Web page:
6.4 percent of the most popular home wi-fi routers sold on Amazon still use the manufacturer’s default administrator credentials, Comparitech researchers found. These routers, which number in the tens of thousands, can be remotely found and attacked using publicly available passwords, granting malicious hackers access to the victim’s home network.
Comparitech’s cybersecurity research team used freely available tools to scan the web for the top 12 home wi-fi router models sold on Amazon. They then used an automated script to attempt to log into each router’s administrative dashboard using the manufacturer’s default credentials.
In total, the researchers found and tested 9,927 routers. 635 were vulnerable to default password attacks.
Our results appear to indicate that some routers could be more insistent than others that users change the default password upon first setting up the device:
|Router model||Successful logins||# Tested|
|Thomson SpeedTouch 585i||4.40%||998|
|Netis WF2419 RTK||13.50%||1000|
|NetGear Ethernet Plus Switch||18.30%||1000|
AsusRT and MikroTik models could not be accessed at all despite hundreds of tests, indicating they require users to change their default passwords before an internet connection is allowed through. This is ideal from a cybersecurity perspective.
On the other end of the spectrum, roughly one in six ZTE ZXV10, XFinity, and NetGear Ethernet Plus Switch routers were found to be vulnerable to default password attacks unless the default admin password is changed.
What is the threat?
If a bad actor gains access to your wi-fi router’s administrator panel, they could launch a number of attacks:
- DNS hijacking – DNS, or domain name system, is what associates domain names like “comparitech.com” into IP addresses that computers use to communicate over the internet. By tampering with DNS entries in the router, an attacker could redirect users to malicious sites and malware downloads without their knowledge.
- Eavesdropping – The attacker can monitor everything the victim does online on every device connected to the router, including what websites they visit and any unencrypted data sent over the network.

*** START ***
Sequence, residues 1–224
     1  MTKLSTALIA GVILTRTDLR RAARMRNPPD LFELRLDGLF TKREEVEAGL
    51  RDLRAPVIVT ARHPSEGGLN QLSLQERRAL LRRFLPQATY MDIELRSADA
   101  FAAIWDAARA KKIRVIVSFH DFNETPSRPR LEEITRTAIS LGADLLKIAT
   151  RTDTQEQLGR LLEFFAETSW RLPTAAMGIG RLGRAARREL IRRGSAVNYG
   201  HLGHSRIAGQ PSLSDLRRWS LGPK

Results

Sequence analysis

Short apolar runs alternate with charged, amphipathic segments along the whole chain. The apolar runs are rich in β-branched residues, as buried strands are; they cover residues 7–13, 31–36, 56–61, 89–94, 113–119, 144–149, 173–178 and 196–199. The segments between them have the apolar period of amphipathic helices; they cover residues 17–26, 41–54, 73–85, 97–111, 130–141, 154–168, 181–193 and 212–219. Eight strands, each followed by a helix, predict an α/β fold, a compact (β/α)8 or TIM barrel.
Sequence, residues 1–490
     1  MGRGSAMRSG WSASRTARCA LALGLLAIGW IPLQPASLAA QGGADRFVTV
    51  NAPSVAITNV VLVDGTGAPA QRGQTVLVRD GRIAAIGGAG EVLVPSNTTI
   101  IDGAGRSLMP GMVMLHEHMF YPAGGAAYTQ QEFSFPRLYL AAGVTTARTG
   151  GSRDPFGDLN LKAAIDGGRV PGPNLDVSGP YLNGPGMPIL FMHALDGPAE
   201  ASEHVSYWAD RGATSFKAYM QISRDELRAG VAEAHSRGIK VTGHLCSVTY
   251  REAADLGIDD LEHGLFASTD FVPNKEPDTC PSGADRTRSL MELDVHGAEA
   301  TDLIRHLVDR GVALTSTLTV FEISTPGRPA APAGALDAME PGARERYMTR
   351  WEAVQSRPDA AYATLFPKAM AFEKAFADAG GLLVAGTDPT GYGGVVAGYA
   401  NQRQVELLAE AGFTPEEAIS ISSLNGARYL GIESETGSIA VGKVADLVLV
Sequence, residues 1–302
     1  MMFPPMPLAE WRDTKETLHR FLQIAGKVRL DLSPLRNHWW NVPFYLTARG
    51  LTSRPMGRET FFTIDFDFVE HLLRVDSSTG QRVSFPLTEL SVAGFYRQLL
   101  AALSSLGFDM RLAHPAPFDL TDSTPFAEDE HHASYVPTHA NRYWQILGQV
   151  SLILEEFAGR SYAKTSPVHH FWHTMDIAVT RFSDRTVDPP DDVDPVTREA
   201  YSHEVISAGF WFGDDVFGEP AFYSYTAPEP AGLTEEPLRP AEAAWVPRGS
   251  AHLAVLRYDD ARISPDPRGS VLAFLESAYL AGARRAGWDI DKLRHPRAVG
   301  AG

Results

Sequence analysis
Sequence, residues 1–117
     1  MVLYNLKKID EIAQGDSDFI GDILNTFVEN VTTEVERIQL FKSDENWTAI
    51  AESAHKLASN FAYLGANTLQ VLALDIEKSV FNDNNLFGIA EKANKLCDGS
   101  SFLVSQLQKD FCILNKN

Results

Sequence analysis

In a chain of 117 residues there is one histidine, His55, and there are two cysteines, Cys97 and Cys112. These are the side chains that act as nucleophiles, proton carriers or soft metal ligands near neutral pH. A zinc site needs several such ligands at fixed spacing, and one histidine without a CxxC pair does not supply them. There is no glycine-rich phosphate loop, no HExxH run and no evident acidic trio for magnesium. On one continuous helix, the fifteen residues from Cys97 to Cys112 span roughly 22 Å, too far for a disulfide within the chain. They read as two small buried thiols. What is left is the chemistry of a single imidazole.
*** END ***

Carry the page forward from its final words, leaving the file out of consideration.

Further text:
- Abuse your connection – The attacker could use the router as a proxy to download pirated content, visit illicit sites, or access illegal material. You could be suspected of or held liable for these activities.
These are just a sample of a long list of potential threats. If a router is compromised, so is every device connected to it.
How to change your default administrator password
Remember that your wi-fi router’s administrative password is (or should be) different from the password you use to connect to the internet. The administrative username and password are used to log into the device’s administrative dashboard, where you can manage your router’s settings and features.
Changing your router’s admin password is critical to your home’s cybersecurity. Be sure to create a unique and strong password.
You can usually access your router’s administrative panel by connecting to it normally using wi-fi or LAN. Then, open a web browser and type “192.168.0.1” or “192.168.1.1” (no quotes) into the URL bar, and press Enter. In most cases, this leads to the router dashboard login page.
Here are official resources on how to change administrative passwords for every vulnerable router in the study:
- TP-Link WR841N
- Westell 6100G (this product line seems to have been transferred to NetGear)
- Netis WF2419 RTK
- Linksys E2500
- Huawei HG532e
- XFinity XB6-T
- ZyXEL VSG1432-B101
- NETGEAR Ethernet Plus Switch (GS108PEv3)
- Thomson SpeedTouch 585i / TR-069
- ZTE ZXV10
Most router manufacturers can do better
Although some of the onus is on the consumer to change their default password, router makers should be more insistent that they do so.
The most obvious solution is to require users to change the router’s default admin password upon first setting the device. Before a public internet connection is allowed, the user must change the password.
Routers could also implement two-factor authentication to access administrator accounts. A one-time code sent to the owner’s smartphone would be required to log in.
This research was carried out in June 2021.
Researchers focused their efforts on the top 12 router models sold on Amazon.com. The marketplace results were filtered to find the most popular and frequently bought models.
They found the IP addresses of these routers on the internet using ZoomEye and Shodan.io, search engines that scan the web for specific internet-connected devices.
The manufacturer’s default login credentials for all models in the study were gathered from publicly accessible websites.
Researchers began by individually checking the publicly-obtained default credentials for each router model, ensuring the credentials were valid.
They then wrote automated scripts to attempt logins on the entire set of collected IP addresses.
Logins were recorded as successful or unsuccessful, giving us the results in the table above.
We did not access or modify the router in any way beyond the scope of our study, which only checked for a successful login using default credentials.